DR. NGUYEN'S BLOG-

Increasing Bariatric Procedures

Published in July 2014 Issue             

When people ask me what I hope to accomplish during my presidency
I say simply I want to help increase the number of bariatric and metabolic procedures. I say this unabashedly because when you have a treatment that is being utilized by less than 1 percent of the affected population, you know with certainty many people are being unnecessarily denied, delayed or deterred from the care they need. This must change and this month’s action by Blue Cross and Blue Shield of North Carolina (BCBSNC) offered more hope that change is on the way.

The insurer agreed to revise its coverage policy and remove the six-month medical weight loss requirement prior to surgery. It also made its revision surgery and duodenal switch coverage less restrictive (Everybody Wins: Model Collaboration Leads to Policy Change, Greater Patient Access in North Carolina).

This took some effort from the ASMBS Carolinas State Chapter, led by Dr. Ranjan Sudan, but the effort proved well worth it, as now more patients in North Carolina will face fewer restrictions when seeking surgical treatment
for obesity.

Removal of any barrier to evidence-based treatment is a win, but it will take many victories to ensure appropriate patient access to metabolic and bariatric surgery. Some insurers and employers do not cover surgery at all. Others place too many hurdles in front of patients. Currently, only 22 of 50 states list bariatric surgery as a covered benefit within the Affordable Care Act (ACA), and only five states provide coverage for weight loss programs.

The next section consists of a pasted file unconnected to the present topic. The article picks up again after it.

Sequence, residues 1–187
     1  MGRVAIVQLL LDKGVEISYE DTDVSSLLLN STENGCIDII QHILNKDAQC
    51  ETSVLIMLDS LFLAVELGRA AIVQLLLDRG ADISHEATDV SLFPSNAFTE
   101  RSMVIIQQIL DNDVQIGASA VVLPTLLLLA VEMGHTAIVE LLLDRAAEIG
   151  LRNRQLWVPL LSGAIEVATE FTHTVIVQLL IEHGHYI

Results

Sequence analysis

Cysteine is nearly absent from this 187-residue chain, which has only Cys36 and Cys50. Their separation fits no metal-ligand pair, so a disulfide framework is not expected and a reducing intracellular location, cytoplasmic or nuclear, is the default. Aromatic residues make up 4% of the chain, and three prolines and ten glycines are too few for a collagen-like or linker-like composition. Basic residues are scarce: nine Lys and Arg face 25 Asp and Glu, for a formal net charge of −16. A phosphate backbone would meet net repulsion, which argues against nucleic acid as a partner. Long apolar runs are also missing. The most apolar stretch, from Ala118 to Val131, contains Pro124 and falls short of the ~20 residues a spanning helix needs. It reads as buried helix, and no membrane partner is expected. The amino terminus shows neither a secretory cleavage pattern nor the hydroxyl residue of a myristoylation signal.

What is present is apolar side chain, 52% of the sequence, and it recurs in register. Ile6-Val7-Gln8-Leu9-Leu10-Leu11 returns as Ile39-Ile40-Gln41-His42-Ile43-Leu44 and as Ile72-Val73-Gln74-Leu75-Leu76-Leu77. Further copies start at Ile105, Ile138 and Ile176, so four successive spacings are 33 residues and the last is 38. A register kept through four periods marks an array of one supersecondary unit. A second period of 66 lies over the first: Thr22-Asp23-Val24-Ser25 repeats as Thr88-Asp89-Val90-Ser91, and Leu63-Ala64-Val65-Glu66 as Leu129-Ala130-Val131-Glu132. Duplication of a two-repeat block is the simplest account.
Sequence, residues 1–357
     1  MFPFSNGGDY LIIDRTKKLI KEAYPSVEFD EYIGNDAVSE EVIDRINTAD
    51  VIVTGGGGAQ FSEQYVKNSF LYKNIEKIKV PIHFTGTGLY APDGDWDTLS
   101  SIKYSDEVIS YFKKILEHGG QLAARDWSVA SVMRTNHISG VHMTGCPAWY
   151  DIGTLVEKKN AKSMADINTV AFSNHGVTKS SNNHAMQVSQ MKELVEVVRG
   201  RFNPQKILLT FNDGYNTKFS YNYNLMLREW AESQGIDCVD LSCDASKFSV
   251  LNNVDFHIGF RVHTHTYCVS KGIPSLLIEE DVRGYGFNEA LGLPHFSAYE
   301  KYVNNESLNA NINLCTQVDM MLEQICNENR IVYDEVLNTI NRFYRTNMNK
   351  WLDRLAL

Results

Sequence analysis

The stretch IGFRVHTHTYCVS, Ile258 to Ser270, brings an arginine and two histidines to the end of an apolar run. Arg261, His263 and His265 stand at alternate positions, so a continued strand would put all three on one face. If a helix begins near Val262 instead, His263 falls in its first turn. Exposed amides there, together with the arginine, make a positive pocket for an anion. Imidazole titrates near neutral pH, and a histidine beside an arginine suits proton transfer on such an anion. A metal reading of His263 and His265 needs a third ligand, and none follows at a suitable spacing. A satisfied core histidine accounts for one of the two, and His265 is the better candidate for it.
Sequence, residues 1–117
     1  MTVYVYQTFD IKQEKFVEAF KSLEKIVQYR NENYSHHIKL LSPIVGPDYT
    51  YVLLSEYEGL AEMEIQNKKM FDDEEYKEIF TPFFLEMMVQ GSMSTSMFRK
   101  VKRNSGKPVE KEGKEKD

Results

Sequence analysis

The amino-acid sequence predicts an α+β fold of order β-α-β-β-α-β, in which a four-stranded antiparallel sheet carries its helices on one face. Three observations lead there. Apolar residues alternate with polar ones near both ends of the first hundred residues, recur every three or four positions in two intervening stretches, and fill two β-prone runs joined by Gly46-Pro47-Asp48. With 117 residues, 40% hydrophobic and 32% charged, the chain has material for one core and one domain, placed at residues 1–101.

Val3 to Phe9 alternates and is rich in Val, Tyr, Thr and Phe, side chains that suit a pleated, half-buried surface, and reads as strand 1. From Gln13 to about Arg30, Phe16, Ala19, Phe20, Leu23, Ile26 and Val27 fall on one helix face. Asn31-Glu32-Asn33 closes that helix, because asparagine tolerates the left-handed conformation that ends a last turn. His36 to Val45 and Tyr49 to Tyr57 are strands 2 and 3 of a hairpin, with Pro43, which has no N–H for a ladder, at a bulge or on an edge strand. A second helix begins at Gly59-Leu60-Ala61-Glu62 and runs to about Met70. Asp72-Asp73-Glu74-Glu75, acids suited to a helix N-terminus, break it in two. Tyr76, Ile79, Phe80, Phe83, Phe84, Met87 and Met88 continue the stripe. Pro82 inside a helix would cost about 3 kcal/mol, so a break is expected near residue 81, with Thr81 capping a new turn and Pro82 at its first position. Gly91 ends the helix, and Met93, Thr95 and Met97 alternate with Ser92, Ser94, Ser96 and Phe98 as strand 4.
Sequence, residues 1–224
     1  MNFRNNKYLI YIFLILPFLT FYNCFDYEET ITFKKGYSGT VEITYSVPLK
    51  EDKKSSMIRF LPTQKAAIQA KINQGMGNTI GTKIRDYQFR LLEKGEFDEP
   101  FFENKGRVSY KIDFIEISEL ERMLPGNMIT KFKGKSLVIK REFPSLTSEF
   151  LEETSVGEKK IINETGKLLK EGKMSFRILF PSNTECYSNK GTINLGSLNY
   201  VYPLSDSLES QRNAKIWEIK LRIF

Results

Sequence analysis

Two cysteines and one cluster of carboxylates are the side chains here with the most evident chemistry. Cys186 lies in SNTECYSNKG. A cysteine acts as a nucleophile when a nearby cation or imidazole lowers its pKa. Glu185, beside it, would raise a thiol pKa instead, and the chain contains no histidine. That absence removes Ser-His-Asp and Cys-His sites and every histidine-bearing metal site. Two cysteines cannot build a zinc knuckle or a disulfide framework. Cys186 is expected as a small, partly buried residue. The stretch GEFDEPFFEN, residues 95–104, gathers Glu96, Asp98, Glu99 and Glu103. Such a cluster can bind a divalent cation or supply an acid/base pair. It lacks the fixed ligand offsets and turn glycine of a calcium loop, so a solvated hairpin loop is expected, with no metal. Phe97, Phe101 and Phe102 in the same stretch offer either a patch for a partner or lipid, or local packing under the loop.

We are working very hard to change this, and each victory, like the one in North Carolina, gives us leverage for the next one. As the BCBSNC senior medical director put it, “The evidence is the same, and there is more convergence than divergence among payers.”

We need this convergence now for the sake of our patients. A mountain of evidence shows bariatric surgery to be the most effective treatment for severe obesity and its safety profile has never been better. Policy has to catch up to scientific and medical consensus and barriers to care need to fall. Too many people are being hurt by outdated policies and notions of what surgery used to be. Updates to coverage policy are required and they are required now. We call on insurers and employers in every state to take a fresh look at the evidence. They will like what they see.